A strong south-westerly wind, which seemed to have been completely overlooked by the forecasters, prompted some changes of plan this morning and meant the sea got a look in. A situation that came up with one of the biggest day-totals ever of Balearic Shearwater for Hengistbury - a total of 27, in flocks of 21 and 6. Also, a juvenile Pomarine Skua, which was actually the first record for the year, an Arctic Skua, a skua sp., 10 Common Scoter, a Gadwall and a Hobby, all west except for 4 of the scoter. This information spurred on an afternoon attempt, but that fell far short of the morning's marker, producing just 20 Common Tern, 37 Sandwich Tern, a Fulmar and a Kestrel, again all west. Another species that put in a good figure for the day was Bar-tailed Godwit, with an obvious westerly passage of 78 birds through the harbour this morning, including parties of 42, 23 and 10. Also on the move, into the wind, 850 Swallow, 6 Yellow Wagtail and 2 Grey Wagtail. Other passerines were hard to come by, however, and could muster only a Redstart, a Whinchat and a Lesser Whitethroat at Stanpit, plus 6 Wheatear on Hengistbury. The waders on the marsh got slightly less attention than of late, but there were still figures of: 7 Curlew Sandpiper, a Green Sandpiper by the Rusty Boat, 24 Knot, 2 Ruff by the Visitor's Centre, 2 Spotted Redshank off Fisherman's Bank, 2 Sanderling, 14 Greenshank, 15 Black-tailed Godwit, 2 Common Sandpiper, 70 Ringed Plover and 100 Dunlin, with the leucistic bird still present. Meanwhile, at least 4 Turnstone were on the sandspit.
The spell was broken and it was good for two days on the run! Before getting into the numbers, however, firstly the finer points. A Wryneck was seen briefly in the No Dogs field on Wick, but far less elusive, albeit extremely uncharacteristic for the species, was a Nightingale that sat in the open for 20-minutes by the Natterjack Pond. As an Osprey fished the harbour for a good 25-minutes, before it eventually caught its breakfast, amongst the alarmed birds were a Black Tern and 2 Avocet, the latter departing with 6 Bar-tailed Godwit; and, throughout the day, 3 late Little Tern were seen from Stanpit, Mudeford Quay and the sandspit. Offshore, an Arctic Skua hassled some Sandwich Tern, 37 Common Tern headed west and a Fulmar grazed the Barn Field. The most numerous bird of the morning was Chiffchaff, as 270 were seen, mostly west of the HHC, but also spread about Wick and the Barn Field were: 37 Willow Warbler, 3 Spotted Flycatcher, 7 Redstart, 2 Whinchat, 2 Lesser Whitethroat, 2 Garden Warbler, 55 Whitethroat, 92 Blackcap and 2 Reed Warbler, these seemingly very sparse at the moment. A total of 43 Wheatear were across the area, while 12 Grey Wagtail, 6 Yellow Wagtail, 6 Tree Pipit, 75 Meadow Pipit, 1300 Swallow, 240 House Martin, 170 Sand Martin. 2 Rook and 4 Raven moved over. By the Wooden Bridge on Wick, there was a Green Sandpiper and 2 Ruff, with a further of these on Stanpit, where a Little Stint and at least 12 Curlew Sandpiper remain. A Little Stint seen on the sandspit over the high tide could have been the same as previously mentioned, but 11 Sanderling and 12 Turnstone were almost certainly unique to that site. Other waders for the day, seen mainly from South Marsh, were: 2 Spotted Redshank, 3 Knot, 3 further Sanderling, 2 Bar-tailed Godwit, 2 Whimbrel, 4 Common Sandpiper, at least 10 Greenshank, 24 Black-tailed Godwit, 77 Ringed Plover and the leucistic Dunlin in with 80 or so others. The final bit-and-pieces include a Mistle Thrush on Wick, a Peregrine, a Kingfisher, 120 Canada Goose littering the harbour at first light and, after a few day's absence, Mediterranean Gull records, two in fact. Please check back to yesterday for some additional news.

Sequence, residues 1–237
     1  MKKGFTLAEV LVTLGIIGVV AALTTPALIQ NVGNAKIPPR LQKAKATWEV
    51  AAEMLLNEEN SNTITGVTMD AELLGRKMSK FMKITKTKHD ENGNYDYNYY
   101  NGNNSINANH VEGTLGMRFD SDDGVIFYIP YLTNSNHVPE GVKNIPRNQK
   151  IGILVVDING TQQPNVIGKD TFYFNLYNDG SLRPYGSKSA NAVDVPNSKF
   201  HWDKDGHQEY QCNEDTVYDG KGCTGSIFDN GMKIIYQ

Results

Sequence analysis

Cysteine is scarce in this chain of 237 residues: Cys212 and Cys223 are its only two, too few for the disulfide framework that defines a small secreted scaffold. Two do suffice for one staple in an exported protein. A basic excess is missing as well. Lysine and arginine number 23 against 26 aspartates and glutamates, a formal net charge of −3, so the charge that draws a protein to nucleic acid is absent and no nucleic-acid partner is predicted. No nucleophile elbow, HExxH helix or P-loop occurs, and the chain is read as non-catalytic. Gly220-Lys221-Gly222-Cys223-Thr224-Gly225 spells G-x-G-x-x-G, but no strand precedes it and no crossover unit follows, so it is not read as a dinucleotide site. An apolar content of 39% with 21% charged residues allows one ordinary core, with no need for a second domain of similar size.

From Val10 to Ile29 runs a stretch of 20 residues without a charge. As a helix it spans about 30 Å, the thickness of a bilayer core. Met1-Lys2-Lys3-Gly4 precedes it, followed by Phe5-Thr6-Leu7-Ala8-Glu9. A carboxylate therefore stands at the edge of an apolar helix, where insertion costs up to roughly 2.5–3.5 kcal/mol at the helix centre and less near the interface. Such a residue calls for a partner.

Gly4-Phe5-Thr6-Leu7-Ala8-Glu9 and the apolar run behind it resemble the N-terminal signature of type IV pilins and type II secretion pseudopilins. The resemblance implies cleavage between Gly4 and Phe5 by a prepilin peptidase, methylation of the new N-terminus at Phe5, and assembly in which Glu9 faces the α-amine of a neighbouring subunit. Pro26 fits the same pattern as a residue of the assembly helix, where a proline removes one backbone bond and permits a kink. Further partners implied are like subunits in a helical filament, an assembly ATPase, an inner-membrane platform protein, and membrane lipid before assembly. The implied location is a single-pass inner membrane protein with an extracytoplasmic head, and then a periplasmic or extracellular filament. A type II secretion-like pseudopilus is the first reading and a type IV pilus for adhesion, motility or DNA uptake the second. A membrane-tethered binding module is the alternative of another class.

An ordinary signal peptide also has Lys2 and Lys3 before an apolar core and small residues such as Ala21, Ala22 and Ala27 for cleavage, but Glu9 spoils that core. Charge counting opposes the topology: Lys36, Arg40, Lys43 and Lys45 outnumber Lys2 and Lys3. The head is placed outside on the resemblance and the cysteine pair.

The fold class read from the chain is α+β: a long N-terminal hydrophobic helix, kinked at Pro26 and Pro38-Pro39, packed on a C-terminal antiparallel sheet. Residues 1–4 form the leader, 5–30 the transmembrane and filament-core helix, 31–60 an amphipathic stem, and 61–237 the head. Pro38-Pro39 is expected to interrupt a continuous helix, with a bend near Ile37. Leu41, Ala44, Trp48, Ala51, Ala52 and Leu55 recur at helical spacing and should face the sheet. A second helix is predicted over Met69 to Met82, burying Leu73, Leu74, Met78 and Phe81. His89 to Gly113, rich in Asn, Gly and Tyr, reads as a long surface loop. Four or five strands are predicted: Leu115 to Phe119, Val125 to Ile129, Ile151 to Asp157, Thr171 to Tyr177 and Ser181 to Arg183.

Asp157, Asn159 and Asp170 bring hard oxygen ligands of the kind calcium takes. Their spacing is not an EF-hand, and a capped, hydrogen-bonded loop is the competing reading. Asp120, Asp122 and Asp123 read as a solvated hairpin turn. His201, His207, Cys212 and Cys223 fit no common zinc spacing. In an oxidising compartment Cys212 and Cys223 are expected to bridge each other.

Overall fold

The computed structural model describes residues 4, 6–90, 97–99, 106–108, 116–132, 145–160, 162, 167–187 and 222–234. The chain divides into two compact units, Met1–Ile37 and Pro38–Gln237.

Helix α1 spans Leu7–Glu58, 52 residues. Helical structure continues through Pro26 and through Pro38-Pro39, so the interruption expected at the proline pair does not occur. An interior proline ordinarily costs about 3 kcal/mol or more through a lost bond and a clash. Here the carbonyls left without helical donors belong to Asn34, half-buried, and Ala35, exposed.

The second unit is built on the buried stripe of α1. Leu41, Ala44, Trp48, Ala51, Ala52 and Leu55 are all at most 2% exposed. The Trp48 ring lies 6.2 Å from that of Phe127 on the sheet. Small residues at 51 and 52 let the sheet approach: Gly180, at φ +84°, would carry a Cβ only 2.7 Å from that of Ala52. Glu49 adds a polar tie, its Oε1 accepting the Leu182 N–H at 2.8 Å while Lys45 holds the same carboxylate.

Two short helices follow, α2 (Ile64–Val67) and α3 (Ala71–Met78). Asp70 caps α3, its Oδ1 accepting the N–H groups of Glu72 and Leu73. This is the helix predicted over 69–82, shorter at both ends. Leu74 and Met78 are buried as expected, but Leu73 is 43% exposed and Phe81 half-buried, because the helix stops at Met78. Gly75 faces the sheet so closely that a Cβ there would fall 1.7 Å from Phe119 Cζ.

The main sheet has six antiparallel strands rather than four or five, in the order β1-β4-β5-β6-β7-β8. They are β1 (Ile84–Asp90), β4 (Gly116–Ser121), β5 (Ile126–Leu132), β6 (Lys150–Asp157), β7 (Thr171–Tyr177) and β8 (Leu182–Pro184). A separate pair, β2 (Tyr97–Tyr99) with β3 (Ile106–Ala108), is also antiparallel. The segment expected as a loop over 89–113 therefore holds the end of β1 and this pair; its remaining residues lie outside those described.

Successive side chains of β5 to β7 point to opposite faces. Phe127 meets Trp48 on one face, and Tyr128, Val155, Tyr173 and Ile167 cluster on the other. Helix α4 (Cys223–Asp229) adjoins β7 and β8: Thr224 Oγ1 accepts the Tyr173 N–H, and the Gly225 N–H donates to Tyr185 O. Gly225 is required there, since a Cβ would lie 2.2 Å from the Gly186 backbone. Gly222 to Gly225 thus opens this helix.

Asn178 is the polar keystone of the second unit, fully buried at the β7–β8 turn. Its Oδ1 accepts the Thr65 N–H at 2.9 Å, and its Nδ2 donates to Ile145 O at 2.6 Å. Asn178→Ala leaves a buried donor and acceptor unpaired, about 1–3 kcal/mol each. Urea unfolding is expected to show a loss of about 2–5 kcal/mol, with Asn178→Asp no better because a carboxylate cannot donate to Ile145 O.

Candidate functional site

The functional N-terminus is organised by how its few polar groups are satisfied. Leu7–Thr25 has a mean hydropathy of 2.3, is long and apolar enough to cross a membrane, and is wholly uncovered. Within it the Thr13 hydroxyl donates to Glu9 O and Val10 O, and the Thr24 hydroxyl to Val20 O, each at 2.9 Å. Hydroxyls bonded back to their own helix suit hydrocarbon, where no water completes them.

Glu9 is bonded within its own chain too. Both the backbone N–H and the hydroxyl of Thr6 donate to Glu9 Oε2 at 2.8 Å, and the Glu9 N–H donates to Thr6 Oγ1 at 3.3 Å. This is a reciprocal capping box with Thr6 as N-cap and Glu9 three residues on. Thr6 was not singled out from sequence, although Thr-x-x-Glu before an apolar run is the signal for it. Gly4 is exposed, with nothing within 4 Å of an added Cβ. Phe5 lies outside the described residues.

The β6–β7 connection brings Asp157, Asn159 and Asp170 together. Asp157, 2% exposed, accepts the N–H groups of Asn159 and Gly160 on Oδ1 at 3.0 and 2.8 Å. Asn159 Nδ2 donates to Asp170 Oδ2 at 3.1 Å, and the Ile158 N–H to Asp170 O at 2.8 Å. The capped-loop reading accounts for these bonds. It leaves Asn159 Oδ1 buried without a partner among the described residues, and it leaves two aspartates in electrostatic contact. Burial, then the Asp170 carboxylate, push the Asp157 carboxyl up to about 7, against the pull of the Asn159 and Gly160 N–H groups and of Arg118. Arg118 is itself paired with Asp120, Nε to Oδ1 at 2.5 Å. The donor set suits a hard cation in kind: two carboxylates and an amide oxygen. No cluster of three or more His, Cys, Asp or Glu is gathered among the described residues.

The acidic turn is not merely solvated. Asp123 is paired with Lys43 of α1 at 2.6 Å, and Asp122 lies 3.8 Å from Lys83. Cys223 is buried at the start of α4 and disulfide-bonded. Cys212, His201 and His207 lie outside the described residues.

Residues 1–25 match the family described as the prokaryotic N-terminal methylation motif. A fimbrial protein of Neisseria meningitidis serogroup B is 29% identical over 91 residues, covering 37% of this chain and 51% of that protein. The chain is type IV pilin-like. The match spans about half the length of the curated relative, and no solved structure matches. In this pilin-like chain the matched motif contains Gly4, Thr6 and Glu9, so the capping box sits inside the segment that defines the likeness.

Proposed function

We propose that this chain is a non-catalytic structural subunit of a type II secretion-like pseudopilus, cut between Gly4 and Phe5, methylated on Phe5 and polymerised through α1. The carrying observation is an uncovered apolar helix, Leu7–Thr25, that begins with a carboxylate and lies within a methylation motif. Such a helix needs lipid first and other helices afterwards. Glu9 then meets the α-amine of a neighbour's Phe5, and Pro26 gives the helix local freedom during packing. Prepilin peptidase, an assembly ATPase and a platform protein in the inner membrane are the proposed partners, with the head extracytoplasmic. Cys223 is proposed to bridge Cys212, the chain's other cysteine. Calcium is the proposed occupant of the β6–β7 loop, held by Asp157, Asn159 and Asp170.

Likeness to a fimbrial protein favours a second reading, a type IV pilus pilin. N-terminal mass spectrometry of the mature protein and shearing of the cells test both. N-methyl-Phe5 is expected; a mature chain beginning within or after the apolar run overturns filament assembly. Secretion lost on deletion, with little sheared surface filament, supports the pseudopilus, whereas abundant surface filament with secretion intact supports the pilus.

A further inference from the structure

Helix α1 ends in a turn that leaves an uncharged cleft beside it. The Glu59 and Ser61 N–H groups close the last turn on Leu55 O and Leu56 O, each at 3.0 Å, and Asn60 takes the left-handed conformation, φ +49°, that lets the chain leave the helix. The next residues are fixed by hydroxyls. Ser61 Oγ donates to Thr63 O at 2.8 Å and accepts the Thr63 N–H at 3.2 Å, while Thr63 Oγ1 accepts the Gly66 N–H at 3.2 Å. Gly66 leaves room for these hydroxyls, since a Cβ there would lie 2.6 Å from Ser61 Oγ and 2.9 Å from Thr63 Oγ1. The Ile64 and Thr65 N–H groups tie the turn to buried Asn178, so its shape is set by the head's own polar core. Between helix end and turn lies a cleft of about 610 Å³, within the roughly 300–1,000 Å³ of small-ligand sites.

The early rain dried up at around 8:00, when it became clear the conditions had grounded a whole load of birds onto Wick and Hengistbury. The best were 2 Wryneck on the Barn Field, one of which hung on for most of the morning, but also: 59 Wheatear, 8 Spotted Flycatcher, a Pied Flycatcher, 9 Redstart, 4 Whinchat, 11 Lesser Whitethroat, a Garden Warbler, 126 Whitethroat, 95 Blackcap, 175 Chiffchaff, 5 Willow Warbler and 70 Sedge Warbler, as well as the first 70 Linnet of their passage. This afternoon, there were still 34 Wheatear spread across the area and knowing how quickly individuals tend to move on, then a day-total approaching 90 is not unreasonable to assume. One of the later birds was actually a very richly coloured male, still in breeding plumage, possibly a Greenland breeder? The skies also saw the first Meadow Pipit movement, as 119 passed over, in the company of 23 Tree Pipit, 7 Yellow Wagtail, 10 Grey Wagtail and 8 Rook. At Stanpit, singles of both Black Tern and Arctic Tern were present, in addition to the now regular wader roll of: a juvenile Little Stint, 9 Curlew Sandpiper, a Ruff, a Spotted Redshank, 6 Sanderling, 8 Knot, a Turnstone, 2 Bar-tailed Godwit, 2 Whimbrel, 4 Common Sandpiper, 7 Greenshank, 3 Black-tailed Godwit, 95 Ringed Plover and 70 Dunlin. Amongst these, were the moulting adult Curlew Sandpiper and the leucistic Dunlin, these being specifically mentioned as a gauge of how long birds may hang around during the return journey - both have now been present for almost a week. The sandspit area can also add some numbers, not least Holloway's Dock, where 8 Knot, including an adult were present, while a further 6 Turnstone and 3 Sanderling were on the spit itself. The Ring-billed Gull was present around 5:30 on Crouch Hill, Hobby were seen on three occasions and the Wigeon have increased to 57, likewise the Teal to 21.